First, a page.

x
Breaking News
More () »

Knoxville Breaking News, Weather, Traffic, Sports | WBIR.com

Entertainment venues campaign for more relief funding as millions go without work

No live music means performers, audio engineers, production crews, ticket collectors, food vendors and everyone else involved in an event is without income.

KNOXVILLE, Tennessee — A lot of people haven't been to a concert in months, which means a lot concerts haven't happened in months.

"I believe it was like a Dave Matthews cover band like second week of April maybe?" said Sam McAteer, marketing manager at Open Chord in West Knoxville.

That was the last live show at the venue before the COVID-19 pandemic put a pause on concerts.

Until then, Open Chord got about 70 percent of its business from live shows.

They have a music shop to fall back on, but McAteer knows not everyone's that lucky.

"They're all struggling. They're having a hard hard time," he said.

Theaters and concert venues are getting creative to keep money coming in so they can stay afloat.

The Tennessee Theatre offered professional photo sessions on its stage.

The Bijou Theatre is offering people to share their own custom messages on their famous marquee for a donation.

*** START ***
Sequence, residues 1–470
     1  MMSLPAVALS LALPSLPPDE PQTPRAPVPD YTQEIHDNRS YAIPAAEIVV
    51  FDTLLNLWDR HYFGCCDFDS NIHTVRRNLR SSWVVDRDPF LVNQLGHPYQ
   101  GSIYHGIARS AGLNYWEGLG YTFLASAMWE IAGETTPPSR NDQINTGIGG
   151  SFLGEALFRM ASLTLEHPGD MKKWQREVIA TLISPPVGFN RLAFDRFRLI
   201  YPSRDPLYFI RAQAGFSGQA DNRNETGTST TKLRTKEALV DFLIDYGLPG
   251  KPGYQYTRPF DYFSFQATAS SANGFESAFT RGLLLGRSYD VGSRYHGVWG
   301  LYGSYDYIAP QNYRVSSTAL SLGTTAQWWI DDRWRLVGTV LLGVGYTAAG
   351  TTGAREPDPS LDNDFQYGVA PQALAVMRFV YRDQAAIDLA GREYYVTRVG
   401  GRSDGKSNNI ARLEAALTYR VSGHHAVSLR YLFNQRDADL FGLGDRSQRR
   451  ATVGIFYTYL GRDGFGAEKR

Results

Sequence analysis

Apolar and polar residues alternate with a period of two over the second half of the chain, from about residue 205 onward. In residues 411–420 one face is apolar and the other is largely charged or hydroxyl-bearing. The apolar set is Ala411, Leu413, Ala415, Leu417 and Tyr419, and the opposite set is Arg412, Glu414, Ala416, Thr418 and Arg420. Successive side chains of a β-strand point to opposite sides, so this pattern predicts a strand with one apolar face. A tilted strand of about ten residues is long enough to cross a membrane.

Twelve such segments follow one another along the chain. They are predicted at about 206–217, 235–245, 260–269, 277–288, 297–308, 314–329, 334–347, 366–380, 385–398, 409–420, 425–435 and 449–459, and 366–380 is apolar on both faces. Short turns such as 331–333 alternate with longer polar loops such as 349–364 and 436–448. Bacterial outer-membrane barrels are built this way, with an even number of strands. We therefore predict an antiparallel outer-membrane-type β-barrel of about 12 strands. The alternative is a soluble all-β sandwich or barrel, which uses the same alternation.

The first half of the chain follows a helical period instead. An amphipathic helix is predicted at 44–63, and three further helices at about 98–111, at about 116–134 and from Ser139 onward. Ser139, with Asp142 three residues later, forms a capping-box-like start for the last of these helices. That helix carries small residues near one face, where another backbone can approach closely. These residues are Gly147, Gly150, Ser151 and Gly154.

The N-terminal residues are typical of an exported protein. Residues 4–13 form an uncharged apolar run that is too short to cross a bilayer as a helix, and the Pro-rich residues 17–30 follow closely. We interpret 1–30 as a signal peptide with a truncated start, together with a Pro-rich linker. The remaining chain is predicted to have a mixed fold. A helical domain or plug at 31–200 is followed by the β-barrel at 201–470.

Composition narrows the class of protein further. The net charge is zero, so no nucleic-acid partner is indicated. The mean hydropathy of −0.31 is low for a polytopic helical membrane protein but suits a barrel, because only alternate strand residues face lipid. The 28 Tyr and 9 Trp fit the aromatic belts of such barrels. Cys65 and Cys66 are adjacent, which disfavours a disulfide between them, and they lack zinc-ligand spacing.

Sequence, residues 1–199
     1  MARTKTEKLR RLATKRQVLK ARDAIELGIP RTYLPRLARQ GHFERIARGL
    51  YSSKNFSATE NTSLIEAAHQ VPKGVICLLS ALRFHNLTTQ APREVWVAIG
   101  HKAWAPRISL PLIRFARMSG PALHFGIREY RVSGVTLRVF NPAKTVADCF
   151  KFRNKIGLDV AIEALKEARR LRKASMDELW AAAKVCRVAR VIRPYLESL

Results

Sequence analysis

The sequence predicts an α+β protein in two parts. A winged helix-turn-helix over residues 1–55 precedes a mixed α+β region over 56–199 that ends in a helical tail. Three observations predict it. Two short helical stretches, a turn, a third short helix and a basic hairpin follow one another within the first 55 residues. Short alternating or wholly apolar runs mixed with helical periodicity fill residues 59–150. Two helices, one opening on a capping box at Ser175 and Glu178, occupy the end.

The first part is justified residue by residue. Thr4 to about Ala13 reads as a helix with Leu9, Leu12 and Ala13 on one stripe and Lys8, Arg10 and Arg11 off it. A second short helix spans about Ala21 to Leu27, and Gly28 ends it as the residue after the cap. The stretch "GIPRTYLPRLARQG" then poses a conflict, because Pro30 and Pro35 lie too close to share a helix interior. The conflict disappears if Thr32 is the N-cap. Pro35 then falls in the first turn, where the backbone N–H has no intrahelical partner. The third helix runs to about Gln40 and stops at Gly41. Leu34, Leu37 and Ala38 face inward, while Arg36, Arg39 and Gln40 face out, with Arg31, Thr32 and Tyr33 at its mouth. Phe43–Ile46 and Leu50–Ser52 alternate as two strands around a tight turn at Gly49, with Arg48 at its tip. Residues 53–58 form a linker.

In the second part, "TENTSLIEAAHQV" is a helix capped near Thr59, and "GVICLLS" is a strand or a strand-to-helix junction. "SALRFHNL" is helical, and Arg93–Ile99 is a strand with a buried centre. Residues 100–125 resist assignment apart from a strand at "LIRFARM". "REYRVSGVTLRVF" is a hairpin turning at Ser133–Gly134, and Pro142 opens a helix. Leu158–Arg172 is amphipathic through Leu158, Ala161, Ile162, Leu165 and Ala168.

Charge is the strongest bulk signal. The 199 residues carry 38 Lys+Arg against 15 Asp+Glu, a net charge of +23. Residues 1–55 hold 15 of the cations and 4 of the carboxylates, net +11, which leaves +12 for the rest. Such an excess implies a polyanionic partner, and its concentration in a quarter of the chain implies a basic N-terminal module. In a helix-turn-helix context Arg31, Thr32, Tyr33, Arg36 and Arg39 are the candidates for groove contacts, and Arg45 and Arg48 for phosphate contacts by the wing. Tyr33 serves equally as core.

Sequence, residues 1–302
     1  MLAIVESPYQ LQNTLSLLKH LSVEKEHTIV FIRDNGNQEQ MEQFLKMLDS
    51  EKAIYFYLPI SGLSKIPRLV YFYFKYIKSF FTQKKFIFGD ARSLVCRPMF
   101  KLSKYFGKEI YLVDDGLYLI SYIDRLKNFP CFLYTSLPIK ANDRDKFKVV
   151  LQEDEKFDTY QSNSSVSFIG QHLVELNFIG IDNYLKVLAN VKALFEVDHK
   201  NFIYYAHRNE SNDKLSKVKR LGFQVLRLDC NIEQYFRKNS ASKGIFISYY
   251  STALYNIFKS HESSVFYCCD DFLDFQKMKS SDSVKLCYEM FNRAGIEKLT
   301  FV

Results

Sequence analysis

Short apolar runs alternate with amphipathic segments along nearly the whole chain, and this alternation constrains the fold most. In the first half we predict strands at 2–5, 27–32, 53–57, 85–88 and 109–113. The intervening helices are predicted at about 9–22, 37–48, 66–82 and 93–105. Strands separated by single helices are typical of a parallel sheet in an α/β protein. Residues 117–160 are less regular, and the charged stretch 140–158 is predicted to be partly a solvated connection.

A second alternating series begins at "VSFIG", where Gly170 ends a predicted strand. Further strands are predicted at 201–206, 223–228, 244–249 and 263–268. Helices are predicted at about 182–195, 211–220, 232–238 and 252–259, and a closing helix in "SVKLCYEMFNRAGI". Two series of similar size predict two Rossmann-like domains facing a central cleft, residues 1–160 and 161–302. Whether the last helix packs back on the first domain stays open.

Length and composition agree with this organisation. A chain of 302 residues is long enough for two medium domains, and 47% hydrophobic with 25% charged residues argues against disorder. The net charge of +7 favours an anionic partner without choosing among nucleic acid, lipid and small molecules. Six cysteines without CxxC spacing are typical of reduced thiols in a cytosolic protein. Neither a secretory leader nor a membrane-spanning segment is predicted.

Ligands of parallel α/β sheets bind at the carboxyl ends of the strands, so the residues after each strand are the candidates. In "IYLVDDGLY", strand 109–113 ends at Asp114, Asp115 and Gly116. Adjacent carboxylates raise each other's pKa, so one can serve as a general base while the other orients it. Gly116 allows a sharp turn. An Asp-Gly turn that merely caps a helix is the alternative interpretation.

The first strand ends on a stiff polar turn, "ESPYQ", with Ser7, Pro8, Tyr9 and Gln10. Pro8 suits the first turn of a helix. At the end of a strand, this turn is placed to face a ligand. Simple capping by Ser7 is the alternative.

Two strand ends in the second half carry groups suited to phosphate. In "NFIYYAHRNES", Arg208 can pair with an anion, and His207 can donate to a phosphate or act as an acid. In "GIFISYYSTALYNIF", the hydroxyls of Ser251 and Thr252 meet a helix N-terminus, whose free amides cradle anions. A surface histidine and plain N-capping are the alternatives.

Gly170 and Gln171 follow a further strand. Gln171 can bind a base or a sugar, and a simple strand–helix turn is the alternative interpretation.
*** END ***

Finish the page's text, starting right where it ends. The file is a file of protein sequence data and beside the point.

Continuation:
Bluegrass artist Evie Andrus said performers are doing better than venues.

She and many other local musicians started doing a lot of live streamed performances online, as well as small pop up performances on porches and lawns.

Musician Travis Bigwood started shooting music videos from home with his band, Travis Bigwood and the Lonesome Doves.

Bigwood said showing support to your favorite bands and venues can come in a lot of ways.

"People like me, we're not out here just raking in royalty money from streams or YouTube or anything like that," he said. "A share for us sometimes does more than a dollar."

Musicians are hurting, but those in production may be hurting most.

"It's not just us performers," said Andrus. "Food, cleaners, the people that take your tickets, like all of that entertainment industry has just kind of crumbled."

That's why artists and venues across the country are participating in an online campaign called #RedAlertRESTART.

Organized by the group #WeMakeEvents, venues lit up their iconic stages red to bring awareness and jump-start relief for the live events industry.

"We need industry workers, venues, fans, and artists to all unite for the cause of saving the places we love," the group wrote on their website.

The goal is to get congress to fund S.3814 known as the Restart Act for small businesses, and to ask them to continue and expand Pandemic Unemployment Assistance and Federal Pandemic Unemployment Compensation  for displaced workers.

#WeMakeEvents reported live events employ over 12 million people, but 95 percent of live events have been canceled due to COVID-19.

According to their data, 77% of people in the live events industry have lost all of their income.

Andrus also suggests buying music and merchandise from your favorite local artists, and supporting your favorite venues through donations or buying gift certificates.

Many in the music industry ask that people adhere to COVID-19 safety guidelines so they can get back to making memories and inspiring people with music.